REVIEW| Pantomime

Pantomime (Micah Gray #1)
Laura Lam



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Synopsis:



In a land of lost wonders, the past is stirring once more . . .


Gene's life resembles a debutante's dream. Yet she hides a secret that would see her shunned by the nobility. Gene is both male and female. Then she displays unwanted magical abilities - last seen in mysterious beings from an almost-forgotten age. Matters escalate further when her parents plan a devastating betrayal, so she flees home, dressed as a boy.


The city beyond contains glowing glass relics from a lost civilization. They call to her, but she wants freedom not mysteries. So, reinvented as 'Micah Grey', Gene joins the circus. As an aerialist, she discovers the joy of flight - but the circus has a dark side. She's also plagued by visions foretelling danger. A storm is howling in from the past, but will she heed its roar?

Review


The Cover


Pantomime was first released back in 2013 with an entirely different cover (left). But, it didn't fly off the shelves like it should have done. Really. In fact, Laura Lam had a bit of a struggle to get the final book in the series published- "Masquerade".

The new covers definitely blend in with a publishing trend of covers that seem to be hitting the market over the past 5/6 years.  One colour backgrounds with one central image- which I think works? 


Whenever laid out on the table I always spot someone picking it up and read over the synopsis. 
The Content


Pantomime begins with the introduction of Micah Gray, a run away. Quite literally. Micah has run away from a past life, desperate not to get caught he joins a travelling circus. 


We later learn that our protagonist is a gender fluid, intersex, bisexual individual whose birth name is Iphigenia Lauras, or just Gene (not a spoiler). Raised as a female, in a world that values victorian ideology, Pantomime explores ideas of gender in both the constraints of a wealthy society and the outsiders of the circus.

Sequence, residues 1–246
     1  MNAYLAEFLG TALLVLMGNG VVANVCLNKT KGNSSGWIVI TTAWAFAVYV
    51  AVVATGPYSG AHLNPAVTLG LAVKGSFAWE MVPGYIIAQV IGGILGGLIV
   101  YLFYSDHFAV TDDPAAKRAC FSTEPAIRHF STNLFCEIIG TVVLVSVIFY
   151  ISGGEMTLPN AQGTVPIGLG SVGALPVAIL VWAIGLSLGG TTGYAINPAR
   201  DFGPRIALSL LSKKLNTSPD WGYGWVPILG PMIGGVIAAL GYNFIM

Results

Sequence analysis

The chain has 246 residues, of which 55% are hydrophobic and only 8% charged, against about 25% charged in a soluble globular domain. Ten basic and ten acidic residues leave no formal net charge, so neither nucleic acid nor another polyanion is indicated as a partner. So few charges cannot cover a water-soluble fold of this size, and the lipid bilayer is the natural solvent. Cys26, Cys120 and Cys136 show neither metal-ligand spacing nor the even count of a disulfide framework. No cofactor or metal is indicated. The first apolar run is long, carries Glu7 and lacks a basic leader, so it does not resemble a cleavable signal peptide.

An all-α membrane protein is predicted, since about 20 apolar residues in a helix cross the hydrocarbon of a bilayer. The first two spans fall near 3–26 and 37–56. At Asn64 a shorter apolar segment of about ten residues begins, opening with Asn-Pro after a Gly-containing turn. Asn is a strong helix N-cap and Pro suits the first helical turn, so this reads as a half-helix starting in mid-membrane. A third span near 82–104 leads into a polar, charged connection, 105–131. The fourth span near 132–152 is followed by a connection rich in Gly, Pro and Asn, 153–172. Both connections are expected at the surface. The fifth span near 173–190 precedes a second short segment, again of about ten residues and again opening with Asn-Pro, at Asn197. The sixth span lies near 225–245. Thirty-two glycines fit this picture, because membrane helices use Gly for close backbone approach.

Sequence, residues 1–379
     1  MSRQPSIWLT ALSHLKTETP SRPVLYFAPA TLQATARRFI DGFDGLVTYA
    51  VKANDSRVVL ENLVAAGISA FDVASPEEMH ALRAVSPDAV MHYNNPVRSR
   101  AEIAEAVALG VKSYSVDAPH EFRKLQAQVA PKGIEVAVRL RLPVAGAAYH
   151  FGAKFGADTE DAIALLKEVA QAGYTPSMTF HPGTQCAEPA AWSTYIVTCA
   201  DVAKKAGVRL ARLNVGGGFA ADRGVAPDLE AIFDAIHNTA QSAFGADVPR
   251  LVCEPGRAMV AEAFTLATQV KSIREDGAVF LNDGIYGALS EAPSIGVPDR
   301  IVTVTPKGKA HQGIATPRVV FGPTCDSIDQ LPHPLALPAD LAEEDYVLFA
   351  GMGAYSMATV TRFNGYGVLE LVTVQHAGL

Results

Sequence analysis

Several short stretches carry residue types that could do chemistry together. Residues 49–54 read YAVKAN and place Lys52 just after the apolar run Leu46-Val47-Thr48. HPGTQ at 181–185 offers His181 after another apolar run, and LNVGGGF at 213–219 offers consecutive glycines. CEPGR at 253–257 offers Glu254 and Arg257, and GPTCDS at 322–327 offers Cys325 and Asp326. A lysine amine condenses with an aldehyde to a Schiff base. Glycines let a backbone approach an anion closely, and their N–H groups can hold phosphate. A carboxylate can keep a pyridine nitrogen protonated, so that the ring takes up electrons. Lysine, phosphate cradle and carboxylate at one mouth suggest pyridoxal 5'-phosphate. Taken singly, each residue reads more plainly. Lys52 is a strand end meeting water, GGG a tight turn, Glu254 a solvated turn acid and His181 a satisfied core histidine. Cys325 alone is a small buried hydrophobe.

I have never read a book with a main character that identifies in this way. I had to speak to others who were more knowledgeable on this, who had read this book and most agree that this was good representation. In my own opinion I believe this to be a well done aspect of Lam's narrative, and have not since been made aware of any flaws that others have picked at.


I grew emotionally connected t Gene/Micah. An underlying understanding of knowing what's it like to feel as other, even in your own skin that even the most average reader could identify with within their life time. 
At its core, Pantomime is about someone learning to be comfortable in their own skin. Following two timelines- Micah's life living as a girl in their previous life and Micah living as a boy apprentice aerialist in the present, coming together to reach a point of acceptance both by self-acceptance and by Micah's friends. And it was brilliantly pulled off.

If I were to fit
 this into a subgenre of fantasy, it would be easy to call this a gaslight fantasy. Set in a fairly Victorian-esque world, with a backdrop a deep mythology that I am looking forward to indulging further in Shadowplay and Masquerade

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